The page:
And a photo of the bird finished is to come. A finished smoked bird will look very dark from the smoke, almost burned. This bird is for a potluck at work so what I will be doing is cooking it nearly done and then finishing it in an electric roaster. I don't want to over cook it!

*I don't have a photo. I was only able to partially smoke the turkey and had to finish it in a roaster because I had to take my daughter to the med center and the smoker got to cool and I was not able to finish it in the smoker. IT was still good but the smoke just didn't get to penetrate it like I would have liked and the white meat got a little dry because it was roasted. Non the less, it was nearly picked clean!

Saturday, November 14, 2009

Just a neat photo

Thought this would be kinda a neat photo. The seeds have sence been baked.. and are gone! MMMMM I do love pumpkin seeds!

Thursday, November 12, 2009

simple knit beanie

Simple Knit Beanie


This is a very easy to knit hat. This is a small hat for my older son Robert (who is at school so it's modeled by his brother Michael). this is knit from the bottom up.
For this hat I cast on60 stitches and it is knit in the round on 2 sets of size 8 circular needles. Using worsted weight yarn.

After casting on and joining to knit in the round I work about 1 inch of 1x1 ribbing. The body is a simple k9, p1 repeat till the body of the hat is long enough.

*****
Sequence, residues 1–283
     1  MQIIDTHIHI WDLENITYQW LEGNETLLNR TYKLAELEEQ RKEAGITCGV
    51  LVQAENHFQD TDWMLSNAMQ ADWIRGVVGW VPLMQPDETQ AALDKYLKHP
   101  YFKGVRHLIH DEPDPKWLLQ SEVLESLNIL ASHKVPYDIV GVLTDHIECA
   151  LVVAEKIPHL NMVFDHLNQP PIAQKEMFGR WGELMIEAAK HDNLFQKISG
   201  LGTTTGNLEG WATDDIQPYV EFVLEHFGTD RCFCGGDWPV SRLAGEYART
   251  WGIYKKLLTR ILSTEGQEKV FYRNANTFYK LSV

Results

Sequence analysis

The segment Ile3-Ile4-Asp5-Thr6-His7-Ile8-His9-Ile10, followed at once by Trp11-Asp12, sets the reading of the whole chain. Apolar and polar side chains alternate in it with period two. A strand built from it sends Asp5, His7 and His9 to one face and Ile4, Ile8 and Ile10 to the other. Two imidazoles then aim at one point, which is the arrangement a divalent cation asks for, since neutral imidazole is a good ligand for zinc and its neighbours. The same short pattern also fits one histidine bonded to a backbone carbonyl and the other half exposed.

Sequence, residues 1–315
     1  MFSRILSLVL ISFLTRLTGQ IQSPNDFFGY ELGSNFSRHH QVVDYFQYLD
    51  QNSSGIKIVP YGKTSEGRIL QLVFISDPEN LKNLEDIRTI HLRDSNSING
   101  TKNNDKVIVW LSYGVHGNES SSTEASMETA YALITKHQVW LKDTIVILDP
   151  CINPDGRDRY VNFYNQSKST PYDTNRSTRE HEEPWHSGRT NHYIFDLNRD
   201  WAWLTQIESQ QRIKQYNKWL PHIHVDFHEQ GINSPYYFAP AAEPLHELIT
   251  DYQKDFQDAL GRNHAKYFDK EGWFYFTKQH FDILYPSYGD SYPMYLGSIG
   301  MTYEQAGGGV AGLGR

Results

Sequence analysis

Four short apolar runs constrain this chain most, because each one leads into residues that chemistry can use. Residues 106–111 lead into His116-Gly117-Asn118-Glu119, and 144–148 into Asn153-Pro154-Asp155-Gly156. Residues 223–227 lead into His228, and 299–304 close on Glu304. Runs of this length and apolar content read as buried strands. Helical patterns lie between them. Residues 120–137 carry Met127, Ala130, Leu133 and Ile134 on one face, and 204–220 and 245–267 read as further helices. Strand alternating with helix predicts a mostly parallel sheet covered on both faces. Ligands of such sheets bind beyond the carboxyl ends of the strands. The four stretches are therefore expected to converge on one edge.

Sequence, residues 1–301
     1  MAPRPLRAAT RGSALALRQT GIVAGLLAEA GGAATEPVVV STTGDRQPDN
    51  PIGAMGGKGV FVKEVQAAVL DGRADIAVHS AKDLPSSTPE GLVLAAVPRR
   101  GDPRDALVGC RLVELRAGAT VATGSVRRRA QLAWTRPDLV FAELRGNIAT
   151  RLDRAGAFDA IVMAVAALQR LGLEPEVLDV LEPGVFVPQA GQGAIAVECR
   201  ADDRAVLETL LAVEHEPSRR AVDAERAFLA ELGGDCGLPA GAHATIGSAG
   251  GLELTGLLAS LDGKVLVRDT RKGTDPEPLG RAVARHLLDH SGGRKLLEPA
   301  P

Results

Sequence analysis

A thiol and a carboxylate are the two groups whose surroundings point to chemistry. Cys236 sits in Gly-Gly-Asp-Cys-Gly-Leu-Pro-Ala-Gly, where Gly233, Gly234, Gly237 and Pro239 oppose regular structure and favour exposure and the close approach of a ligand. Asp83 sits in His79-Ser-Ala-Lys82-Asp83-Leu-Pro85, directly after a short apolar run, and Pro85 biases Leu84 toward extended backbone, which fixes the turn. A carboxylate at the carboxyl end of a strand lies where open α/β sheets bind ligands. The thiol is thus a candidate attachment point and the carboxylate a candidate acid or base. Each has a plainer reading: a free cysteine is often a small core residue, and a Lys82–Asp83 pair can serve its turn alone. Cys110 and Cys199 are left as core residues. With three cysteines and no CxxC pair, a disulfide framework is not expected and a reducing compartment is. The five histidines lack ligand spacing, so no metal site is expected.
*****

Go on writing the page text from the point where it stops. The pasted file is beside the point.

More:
The crown:
Row 1: on each panel purl the purls and ssk the 1st 2 stitches of the knit sections.

Row 2: On each panel purl the purls and k2tog the last 2 stitches of the knit sections.

Continue these 2 rows till the crown is down to just 1, and 1p per section and (12 stitches for a 6 section hat) and cut the yarn, run thorough renaming live stitches to remove them from the needles and cinch the opening closed, secure and weave in ends.

This is an easy hat to make for the whole family. For an adult cast on extra stitches in multiples of 10 to fit a larger circumference. When deciding weather it's long enough, allow a bit of extra length to allow for a bit of pulling in that happens as you finish the crown. I have made this hat pattern for my Father and my 20 year old nephew asked for one of these hats.

This pattern is available as a PDF file




Wednesday, November 11, 2009

Fall colors of Michigan

Thought I would share what fall looks like in our corner of the world. These were actually taken by my uncle while everyone was in town for my Grandma's 90th b-day. They are different photos from around the small town she lives in. And also along the river walk. A lot of cities here are converting old rail ways into community walking/biking trails and also the old bridges along those rails. As a kid we used to walk the tracks but now they are nice and paved and just a really tranquil place to relax and take in some nature! These were taken in about the center of Michigan's lower peninsula (or the mitten as we refer to it due to the shape of our state).

click on any image for a larger view.










Sunday, November 1, 2009

Halloween 09





So these are my halloween 2009 photos! I didn't get to put as much into it as I normally do. My pumpkin didn't turn out quite as good as I had hoped. it's suposed to be Jack from "nightmare before christmas" and the other ones are the kids pumpkins. Michaels's is crying (anja did that one) and Robert's has the goofy mouth.

I somewhat decked out the porch for the cause. now to get all that cotton down! I'm going to see if I can get a better photo of my pumpkin tonight. last night was really windy and my candles kept blowing out.

The Piglet costume is one I made my self w/o a pattern several years ago for Anja.